Tobi Podhaler: Capsules should be administered by oral inhalation via Podhaler device following manufacturer recommendations for use and handling. Capsules should be removed from the blister packaging immediately prior to use and should not be swallowed. Patients requiring bronchodilator therapy should administer the bronchodilator 15 to 90 minutes prior to Tobi Podhaler. The sequence of chest physiotherapy and additional inhaled therapies is at the discretion of the healthcare provider; however, Tobi Podhaler should always be administered last. The Canadian labeling recommends that patients requiring bronchodilator therapy should administer the bronchodilator 15 to 90 minutes prior to administering Tobi Podhaler.
Powder, for inhalation (Tobi Podhaler): Store in original package at 25°C (77°F); excursions permitted to 15°C to 30°C (59°F to 86°F). Protect from moisture.
Solution, for inhalation (Bethkis, Kitabis Pak, Tobi): Store under refrigeration at 2°C to 8°C (36°F to 46°F). May be stored in foil pouch (opened or unopened) at room temperature of 25°C (77°F) for up to 28 days. Protect from light. The colorless to pale yellow solution may darken over time if not stored under refrigeration; however, the color change does not affect product quality. Do not use if solution has been stored at room temperature for >28 days.
Loop Diuretics: May enhance the nephrotoxic effect of Tobramycin (Oral Inhalation). Loop Diuretics may enhance the ototoxic effect of Tobramycin (Oral Inhalation). Monitor therapy
Mannitol (Systemic): May enhance the nephrotoxic effect of Tobramycin (Oral Inhalation). Avoid combination
Central nervous system: Voice disorder (4% to 14%), headache (11% to 12%)
Respiratory: Cough (powder: 10% to 48%, solution: 31%), rhinitis (solution: 11% to 35%), pulmonary disease (30% to 34%; includes pulmonary or cystic fibrosis exacerbations), reduced forced expiratory volume (solution: 1% to 31%, powder: 4%), discoloration of sputum (21%), productive cough (18% to 20%), rales (solution: 6% to 19%, powder: 7%), dyspnea (12% to 16%), decreased lung function (7% to 16%), oropharyngeal pain (11% to 14%), hemoptysis (12% to 13%), pharyngolaryngeal pain (powder: 11%, solution: 3%)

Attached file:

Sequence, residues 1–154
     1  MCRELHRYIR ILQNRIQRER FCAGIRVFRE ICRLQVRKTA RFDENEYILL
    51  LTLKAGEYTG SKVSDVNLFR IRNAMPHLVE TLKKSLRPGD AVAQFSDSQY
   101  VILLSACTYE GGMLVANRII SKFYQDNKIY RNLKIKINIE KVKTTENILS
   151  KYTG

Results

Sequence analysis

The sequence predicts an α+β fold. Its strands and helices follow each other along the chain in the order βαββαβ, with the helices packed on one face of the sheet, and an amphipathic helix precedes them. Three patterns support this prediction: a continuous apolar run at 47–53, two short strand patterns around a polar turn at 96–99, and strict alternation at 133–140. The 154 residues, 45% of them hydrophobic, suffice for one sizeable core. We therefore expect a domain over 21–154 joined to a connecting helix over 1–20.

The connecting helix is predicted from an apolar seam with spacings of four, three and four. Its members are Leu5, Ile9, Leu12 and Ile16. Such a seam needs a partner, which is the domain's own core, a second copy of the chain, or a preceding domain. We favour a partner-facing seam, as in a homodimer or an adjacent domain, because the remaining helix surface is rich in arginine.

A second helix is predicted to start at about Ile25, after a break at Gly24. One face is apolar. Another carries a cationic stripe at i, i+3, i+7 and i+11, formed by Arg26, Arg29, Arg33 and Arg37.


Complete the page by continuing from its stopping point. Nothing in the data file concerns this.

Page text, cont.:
Miscellaneous: Fever (12% to 16%)
1% to 10%:
Cardiovascular: Chest discomfort (3% to 7%)
Central nervous system: Malaise (6%)
Dermatologic: Skin rash (2%)
Endocrine: Increased serum glucose (powder: 3%, solution: <1%)
Gastrointestinal: Nausea (8% to 10%), dysgeusia (powder: 4% to 7%, solution: <1%), vomiting (6%), diarrhea (2% to 4%)
Hematologic & oncologic: Increased erythrocyte sedimentation rate (solution: 8%), eosinophilia (solution: 2%), increased serum immunoglobulins (solution: 2%)
Neuromuscular & skeletal: Musculoskeletal chest pain (<1% to 5%), myalgia (solution: ≤5%)
Otic: Hypoacusis (powder: 10%), tinnitus (2% to 3%), deafness (≤1%; including unilateral deafness, reported as mild to moderate hearing loss or increased hearing loss)
Respiratory: Upper respiratory tract infection (7% to 9%), nasal congestion (7% to 8%), wheezing (5% to 7%), throat irritation (2% to 5%), bronchospasm (≤1% to 5%), laryngitis (solution: ≤5%) bronchitis (solution: 3%), epistaxis (2% to 3%), tonsillitis (solution: 2%)
<1%, postmarketing, and/or case reports: Aphonia, decreased appetite, hypersensitivity reaction, increased bronchial secretions, pneumonitis, pruritus, pulmonary congestion, urticaria
Concerns related to adverse effects:
• Bronchospasm: Bronchospasm may occur; bronchospasm or wheezing should be treated appropriately if either arise.
• Nephrotoxicity: Nephrotoxicity was not observed during tobramycin inhalation clinical studies, but has been associated with aminoglycosides. Patients with known or suspected renal dysfunction or taking concomitant nephrotoxic drugs should be closely monitored (renal function tests and serum tobramycin concentrations) as clinically indicated. If nephrotoxicity occurs, discontinue therapy until serum concentrations fall below 2 mcg/mL.
• Neuromuscular disorders: Use with caution in patients with neuromuscular disorders, including myasthenia gravis and Parkinson disease; neuromuscular blockade, respiratory failure, and prolonged respiratory paralysis may occur. Concomitant neuromuscular blocking agents may also increase risk for prolonged respiratory paralysis.